• Population- 5,167,100
  • Capital- St. Paul
  • Largest cities– Minneapolis, St. Paul, Rochester
  • Time zone- Central
  • Date of Admission to the Union- May 11, 1858
  • Slogan- The star of the north
  • State website URL- www.state.mn.us

One of Minnesota’s nicknames is “Land of 10,000 Lakes,” meant to indicate the sheer wealth of lakes, measuring in size from large to very small. But there are another 1,000 lakes on top of that number. The majority of the state’s residents collect themselves close to one of the larger cities. Minneapolis and St. Paul—the Twin Cities—are surprisingly sophisticated and cosmopolitan, particularly among their arts and culture sectors. This propensity for the population to huddle close by, may be why Minnesota is proud to be one of the most successful states when it comes to having a literate population.

Geologically the layers of rock that lie beneath the surface of Minnesota are ancient: limestone, basalt, gneiss, and granite. The southeastern corner of Minnesota may be ripe for the development of sink-holes. In fact the small town of Fountain, Minnesota is nicknamed “Sinkhole Capital of the World” for its large number of sinkholes. Groves of trees out in the middle of fields look to be standing up to the middle of their trunks in deep, circular depressions. Geologists explain that sinkholes occur when the underground rock strata—typically limestone—that has been formed into cave-like honeycombs, crumbles under the weight of the earth. Some sinkholes are small and others are very large.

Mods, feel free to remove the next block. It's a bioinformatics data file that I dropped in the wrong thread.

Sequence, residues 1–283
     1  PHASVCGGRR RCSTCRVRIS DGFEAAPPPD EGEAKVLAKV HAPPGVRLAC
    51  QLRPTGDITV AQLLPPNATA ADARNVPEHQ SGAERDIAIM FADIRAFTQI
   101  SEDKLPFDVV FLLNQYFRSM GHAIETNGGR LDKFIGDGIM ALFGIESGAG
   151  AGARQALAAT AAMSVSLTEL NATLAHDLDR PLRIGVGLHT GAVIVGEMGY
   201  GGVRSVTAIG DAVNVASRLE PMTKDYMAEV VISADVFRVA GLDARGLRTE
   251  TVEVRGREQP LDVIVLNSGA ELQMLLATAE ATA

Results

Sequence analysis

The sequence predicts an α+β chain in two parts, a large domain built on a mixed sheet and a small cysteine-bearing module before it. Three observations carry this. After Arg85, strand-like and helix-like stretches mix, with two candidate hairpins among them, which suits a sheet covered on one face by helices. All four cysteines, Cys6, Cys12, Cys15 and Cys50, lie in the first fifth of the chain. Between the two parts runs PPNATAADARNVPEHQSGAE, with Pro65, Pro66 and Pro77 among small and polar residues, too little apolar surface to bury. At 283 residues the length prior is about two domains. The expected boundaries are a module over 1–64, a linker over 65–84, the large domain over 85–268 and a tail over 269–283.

Large retail giants that got their start in Minnesota: Target, Best Buy, and 3M. Target, an upscale department store, continues to cut into deeper markets in all kinds of communities. Part tourist spectacle and part mall, the Twin Cities’ Mall of America still holds the award for world’s largest mall. It has a small amusement park inside it, complete with roller coaster.

National Public Radio show, A Prairie Home Companion, comes live each week from its home venue, The Fitzgerald Theater in St. Paul. This show has garnered a cult following unusual for radio. Populated by a predominantly Nordic ancestry a large number of Minnesotans eat lutefisk, a whitefish preserved in lye. From October to November each year small towns around the state sponsor Lutefisk dinners. Locals may gorge themselves at community style sit-down dinners where featured Norwegian delicacies include lutefisk and lefse, a thin tortilla-like sweet bread that is often spread with butter and brown sugar.